This is the point that Jesus makes in the parable, when the king answers the self-excusing “goats” at his left hand of disfavor: “Truly I say to you, To the extent that you did not do it to one of these least ones, you did not do it to me.”—Matt. 25:45.
It does not matter how unimportant one of Christ’s spirit-begotten, anointed “brothers” may be. As a matter of fact, none of Christ’s “brothers” are prominent in the political field or in the religious field of Christendom, for Christ’s true “brothers,” his ambassadors, are no part of this world just as Christ himself has never been a part of this world. (1 Cor. 1:26-31; John 15:19; 17:14, 16) The “goats” do not have to persecute these ambassadors, although some of them have kidnapped, imprisoned and killed these servants of Christ. Withholding help or hospitality to them, ignoring them, refusing to give any support to their work of proclaiming the Kingdom message, the “goats” make an intelligent decision on the issue. Actually they take a stand, in their hearts, against God’s Messianic kingdom, which the ambassadors proclaim, and therefore a stand against Christ, as revealed by their attitude and actions.—Compare Matthew 7:21-23.
REWARD TO THE “GOATS”
What, therefore, is the reward of these “goats”? Christ tells them: “Be on your way from me, you who have been cursed, into the everlasting fire prepared for the Devil and his angels.”—Matt. 25:41.
What is the “fire prepared for the Devil and his angels”? Is this everlasting conscious torment in a firelike element in the invisible realm? Someone may say, Surely it must be, for Revelation 20:10 says: “And the Devil who was misleading them was hurled into the lake of fire and sulphur, where both the wild beast and the false prophet already were; and they will be tormented day and night forever and ever.”
However, if a person gives closer consideration to this statement in Revelation he can see that it is in figurative or symbolic language. How? Well, the “wild beast” and the “false prophet” are hurled into the “lake of fire.” These are obviously not a literal beast and a single man, but are representative of organizations. (Rev. 17:8-14) Furthermore, the Bible itself goes on to explain: “And death and Hades were hurled into the lake of fire. This means the second death, the lake of fire.” (Rev. 20:14) Death and Hades (mankind’s common grave) are abstract things, further showing that the “lake of fire” is symbolic. It represents absolute annihilation, permanent destruction, “the second death,” a death from which there is no recovery.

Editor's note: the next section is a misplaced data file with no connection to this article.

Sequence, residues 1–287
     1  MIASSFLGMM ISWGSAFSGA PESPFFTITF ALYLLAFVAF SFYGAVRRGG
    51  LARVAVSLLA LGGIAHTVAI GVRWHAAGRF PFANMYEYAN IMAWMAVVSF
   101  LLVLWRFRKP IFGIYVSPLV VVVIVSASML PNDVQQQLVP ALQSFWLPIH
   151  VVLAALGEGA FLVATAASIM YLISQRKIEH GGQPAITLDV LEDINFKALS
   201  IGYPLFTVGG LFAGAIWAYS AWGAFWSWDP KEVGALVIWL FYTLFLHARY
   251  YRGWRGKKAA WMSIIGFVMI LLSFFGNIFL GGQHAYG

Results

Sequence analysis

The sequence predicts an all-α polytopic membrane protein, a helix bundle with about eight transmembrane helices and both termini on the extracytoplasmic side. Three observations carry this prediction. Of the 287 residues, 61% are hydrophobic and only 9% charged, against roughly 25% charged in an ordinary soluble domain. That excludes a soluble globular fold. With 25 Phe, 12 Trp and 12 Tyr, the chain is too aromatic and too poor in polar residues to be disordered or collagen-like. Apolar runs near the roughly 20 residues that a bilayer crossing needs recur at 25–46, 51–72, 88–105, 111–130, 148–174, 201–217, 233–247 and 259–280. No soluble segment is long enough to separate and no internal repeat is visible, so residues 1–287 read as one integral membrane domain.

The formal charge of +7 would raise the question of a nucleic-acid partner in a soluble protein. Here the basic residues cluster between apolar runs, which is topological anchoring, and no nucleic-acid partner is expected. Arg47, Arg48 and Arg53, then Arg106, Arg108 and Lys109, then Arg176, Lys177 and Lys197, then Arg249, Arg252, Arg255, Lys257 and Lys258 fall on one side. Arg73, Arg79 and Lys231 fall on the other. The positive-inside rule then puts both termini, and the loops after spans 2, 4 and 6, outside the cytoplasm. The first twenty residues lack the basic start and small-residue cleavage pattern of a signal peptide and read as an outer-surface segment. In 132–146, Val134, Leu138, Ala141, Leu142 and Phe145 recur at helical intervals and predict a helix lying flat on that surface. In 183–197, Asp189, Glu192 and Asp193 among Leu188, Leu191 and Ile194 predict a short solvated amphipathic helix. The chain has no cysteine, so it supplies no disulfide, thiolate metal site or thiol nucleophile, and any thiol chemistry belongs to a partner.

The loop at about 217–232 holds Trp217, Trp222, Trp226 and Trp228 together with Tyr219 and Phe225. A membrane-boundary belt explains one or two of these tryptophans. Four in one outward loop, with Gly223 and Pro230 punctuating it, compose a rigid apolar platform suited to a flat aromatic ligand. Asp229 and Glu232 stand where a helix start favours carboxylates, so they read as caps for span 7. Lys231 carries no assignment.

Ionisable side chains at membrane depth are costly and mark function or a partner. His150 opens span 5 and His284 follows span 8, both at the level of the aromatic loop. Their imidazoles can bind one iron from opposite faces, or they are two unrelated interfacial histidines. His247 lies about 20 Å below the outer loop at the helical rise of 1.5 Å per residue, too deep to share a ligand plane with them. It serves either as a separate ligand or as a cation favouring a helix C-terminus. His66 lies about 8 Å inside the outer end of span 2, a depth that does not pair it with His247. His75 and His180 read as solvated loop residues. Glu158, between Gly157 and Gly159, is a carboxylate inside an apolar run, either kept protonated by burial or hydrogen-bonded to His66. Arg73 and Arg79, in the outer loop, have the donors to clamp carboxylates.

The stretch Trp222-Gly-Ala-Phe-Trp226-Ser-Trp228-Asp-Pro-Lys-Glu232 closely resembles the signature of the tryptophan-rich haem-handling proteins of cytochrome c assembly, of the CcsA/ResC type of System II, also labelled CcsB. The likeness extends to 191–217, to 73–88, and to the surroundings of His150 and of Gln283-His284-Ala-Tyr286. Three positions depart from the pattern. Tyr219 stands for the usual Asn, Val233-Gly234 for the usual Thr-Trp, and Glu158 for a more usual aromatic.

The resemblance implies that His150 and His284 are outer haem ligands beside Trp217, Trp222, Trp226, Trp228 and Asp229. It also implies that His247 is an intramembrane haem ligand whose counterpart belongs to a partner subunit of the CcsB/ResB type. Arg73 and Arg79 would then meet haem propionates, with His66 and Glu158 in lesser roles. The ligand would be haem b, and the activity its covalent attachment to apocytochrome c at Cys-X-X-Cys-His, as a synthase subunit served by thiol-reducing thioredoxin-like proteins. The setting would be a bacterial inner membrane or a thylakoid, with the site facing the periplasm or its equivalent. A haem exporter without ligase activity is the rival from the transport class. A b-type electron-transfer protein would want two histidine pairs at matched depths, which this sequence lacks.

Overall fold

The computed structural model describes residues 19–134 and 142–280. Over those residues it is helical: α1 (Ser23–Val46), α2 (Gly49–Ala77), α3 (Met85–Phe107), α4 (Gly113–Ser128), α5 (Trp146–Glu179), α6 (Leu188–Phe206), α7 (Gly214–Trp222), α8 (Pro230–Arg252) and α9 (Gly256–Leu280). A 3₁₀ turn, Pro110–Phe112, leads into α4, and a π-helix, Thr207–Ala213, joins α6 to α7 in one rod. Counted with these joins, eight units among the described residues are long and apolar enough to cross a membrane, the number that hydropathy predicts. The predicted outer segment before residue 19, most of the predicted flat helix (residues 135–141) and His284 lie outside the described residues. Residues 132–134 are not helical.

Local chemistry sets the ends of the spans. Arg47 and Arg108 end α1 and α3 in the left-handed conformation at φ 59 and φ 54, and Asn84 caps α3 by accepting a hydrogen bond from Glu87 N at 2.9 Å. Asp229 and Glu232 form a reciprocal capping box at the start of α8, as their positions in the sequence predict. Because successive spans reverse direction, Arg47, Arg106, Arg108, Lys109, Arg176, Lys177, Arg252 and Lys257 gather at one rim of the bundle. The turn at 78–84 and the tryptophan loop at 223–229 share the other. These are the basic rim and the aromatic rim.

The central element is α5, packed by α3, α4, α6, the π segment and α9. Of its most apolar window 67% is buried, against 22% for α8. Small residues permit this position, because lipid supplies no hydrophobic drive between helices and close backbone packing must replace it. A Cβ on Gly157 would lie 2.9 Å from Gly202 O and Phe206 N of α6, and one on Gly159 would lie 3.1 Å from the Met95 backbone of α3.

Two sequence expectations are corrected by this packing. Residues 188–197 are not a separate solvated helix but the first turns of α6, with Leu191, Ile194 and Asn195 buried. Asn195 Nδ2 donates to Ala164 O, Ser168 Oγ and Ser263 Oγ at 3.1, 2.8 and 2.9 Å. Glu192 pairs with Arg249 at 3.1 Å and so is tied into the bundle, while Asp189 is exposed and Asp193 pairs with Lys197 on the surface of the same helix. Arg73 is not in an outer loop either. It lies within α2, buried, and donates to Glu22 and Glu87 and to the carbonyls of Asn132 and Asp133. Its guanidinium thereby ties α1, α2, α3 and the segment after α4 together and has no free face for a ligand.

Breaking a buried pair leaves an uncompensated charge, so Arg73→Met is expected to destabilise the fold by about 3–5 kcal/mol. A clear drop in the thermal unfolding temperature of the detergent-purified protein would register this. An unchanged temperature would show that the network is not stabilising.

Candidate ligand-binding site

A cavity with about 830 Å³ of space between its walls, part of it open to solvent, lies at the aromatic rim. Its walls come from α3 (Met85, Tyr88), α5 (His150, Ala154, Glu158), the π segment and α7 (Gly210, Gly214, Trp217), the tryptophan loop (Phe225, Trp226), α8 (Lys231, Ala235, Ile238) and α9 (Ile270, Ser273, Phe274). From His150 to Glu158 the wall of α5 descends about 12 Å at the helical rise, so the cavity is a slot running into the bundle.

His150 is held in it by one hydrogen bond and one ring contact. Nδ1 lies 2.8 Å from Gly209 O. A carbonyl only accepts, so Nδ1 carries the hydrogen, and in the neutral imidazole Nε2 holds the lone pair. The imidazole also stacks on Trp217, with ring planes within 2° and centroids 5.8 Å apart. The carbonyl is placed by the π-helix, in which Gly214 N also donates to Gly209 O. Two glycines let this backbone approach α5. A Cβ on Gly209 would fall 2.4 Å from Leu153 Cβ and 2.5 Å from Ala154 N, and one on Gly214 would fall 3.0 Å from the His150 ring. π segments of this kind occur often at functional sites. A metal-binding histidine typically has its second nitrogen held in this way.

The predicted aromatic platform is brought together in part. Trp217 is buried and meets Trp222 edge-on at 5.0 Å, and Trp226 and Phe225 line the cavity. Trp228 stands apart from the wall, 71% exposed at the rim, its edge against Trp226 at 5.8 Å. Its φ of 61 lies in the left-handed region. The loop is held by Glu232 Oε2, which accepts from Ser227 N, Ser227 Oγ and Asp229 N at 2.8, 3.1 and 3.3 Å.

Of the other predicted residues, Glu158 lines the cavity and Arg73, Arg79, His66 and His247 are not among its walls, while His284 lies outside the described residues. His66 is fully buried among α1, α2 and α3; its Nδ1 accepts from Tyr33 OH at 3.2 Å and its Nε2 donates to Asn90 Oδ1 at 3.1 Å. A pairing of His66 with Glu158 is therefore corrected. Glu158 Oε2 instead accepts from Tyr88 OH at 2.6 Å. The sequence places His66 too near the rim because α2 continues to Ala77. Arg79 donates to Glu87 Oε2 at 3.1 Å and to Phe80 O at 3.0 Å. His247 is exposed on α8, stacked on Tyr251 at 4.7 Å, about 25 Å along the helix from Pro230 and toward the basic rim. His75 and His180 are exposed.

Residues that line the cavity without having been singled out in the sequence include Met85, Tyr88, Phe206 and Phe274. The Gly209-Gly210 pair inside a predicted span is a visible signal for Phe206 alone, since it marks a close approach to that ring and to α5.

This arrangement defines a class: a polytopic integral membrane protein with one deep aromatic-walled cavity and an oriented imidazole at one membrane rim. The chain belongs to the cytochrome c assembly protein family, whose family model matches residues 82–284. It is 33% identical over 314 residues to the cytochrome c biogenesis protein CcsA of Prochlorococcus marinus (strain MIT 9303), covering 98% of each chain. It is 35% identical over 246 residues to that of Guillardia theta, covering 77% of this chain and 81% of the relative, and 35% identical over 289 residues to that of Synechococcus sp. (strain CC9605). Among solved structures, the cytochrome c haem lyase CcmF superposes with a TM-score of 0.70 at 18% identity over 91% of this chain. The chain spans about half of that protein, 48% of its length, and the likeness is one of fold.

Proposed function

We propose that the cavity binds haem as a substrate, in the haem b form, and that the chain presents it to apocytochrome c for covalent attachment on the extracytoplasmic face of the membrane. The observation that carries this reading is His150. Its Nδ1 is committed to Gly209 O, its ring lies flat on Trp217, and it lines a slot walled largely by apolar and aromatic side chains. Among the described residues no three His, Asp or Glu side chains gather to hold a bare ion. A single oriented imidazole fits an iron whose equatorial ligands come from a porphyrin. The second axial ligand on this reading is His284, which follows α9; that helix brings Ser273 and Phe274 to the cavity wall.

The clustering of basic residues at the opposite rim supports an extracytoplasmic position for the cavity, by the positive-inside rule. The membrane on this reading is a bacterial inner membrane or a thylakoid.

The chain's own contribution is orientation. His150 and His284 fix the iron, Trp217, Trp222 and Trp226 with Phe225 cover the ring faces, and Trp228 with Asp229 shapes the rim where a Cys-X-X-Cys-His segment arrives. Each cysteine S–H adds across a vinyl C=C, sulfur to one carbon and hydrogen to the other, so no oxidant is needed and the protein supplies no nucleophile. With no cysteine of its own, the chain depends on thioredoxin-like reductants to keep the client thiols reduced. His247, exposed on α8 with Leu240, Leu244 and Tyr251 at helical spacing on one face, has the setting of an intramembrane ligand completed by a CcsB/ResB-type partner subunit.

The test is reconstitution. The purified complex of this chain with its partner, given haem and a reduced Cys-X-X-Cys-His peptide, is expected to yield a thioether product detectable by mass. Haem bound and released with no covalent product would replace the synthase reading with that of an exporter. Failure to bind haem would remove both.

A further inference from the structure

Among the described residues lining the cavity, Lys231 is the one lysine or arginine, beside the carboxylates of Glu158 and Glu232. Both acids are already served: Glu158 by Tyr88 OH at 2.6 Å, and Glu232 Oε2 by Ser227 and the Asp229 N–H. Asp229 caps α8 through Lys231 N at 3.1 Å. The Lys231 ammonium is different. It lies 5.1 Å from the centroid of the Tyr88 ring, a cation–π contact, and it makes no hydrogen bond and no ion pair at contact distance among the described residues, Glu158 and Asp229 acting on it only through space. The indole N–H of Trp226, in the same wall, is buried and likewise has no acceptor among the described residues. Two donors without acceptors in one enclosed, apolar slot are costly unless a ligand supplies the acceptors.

Moreover, Christ says that the “goats” will depart into everlasting “cutting-off.” (Matt. 25:46) The Greek word here used means, literally, “pruning.” The “goats,” by suffering everlasting death, “the second death,” are cut off from life in any realm everlastingly.
A DECISION WE ALL FACE
There is no question that Christ has ambassadors on earth today. The decision set before us to make is, Who are these ambassadors? Who are bringing us the good news of the Kingdom, telling us of its nearness and the blessings it will bring to the earth after destroying wickedness? And each of us can ask, What am I doing to promote knowledge of God? Do I myself serve as a representative of Christ by my words and righteous course of action? If not, then we must identify who is doing so. We must extend hospitality to them just as we would to the ambassadors of a highly respected king. We cannot ‘limp’ on two opinions.—1 Ki. 18:21.
You would welcome such an ambassador into your home. You would be highly concerned about the message he brought from his king or government. You would treat him with respect. The ambassadors of Christ have no ordinary message. It is news from the Creator of the universe and his King, Jesus Christ. Therefore, it is vital to consider what the ambassadors have to say, because it is more than a matter of respect. It reflects your attitude toward God and Christ, and therefore means life or death to you.
Hundreds of thousands of persons in this present time have treated these ambassadors with kindness, not primarily by giving them material help, but by standing alongside these ambassadors when they are mistreated by their enemies. (2 Cor. 1:6, 7; Phil. 4:14; Heb. 10:33) More than this, they have joined with the ambassadors in order to help them to get the good news proclaimed world wide. (Zech. 8:23) In doing so, these sheeplike ones have become envoys, companions of the ambassadors of the King, Jesus Christ. (Ps. 45:14, 15) Have you identified the true ambassadors and their companion envoys, and do you treat them with respect, knowing that to the extent that you do it to one of the least of Christ’s brothers, and to their loving sheeplike companions, you do it to Christ?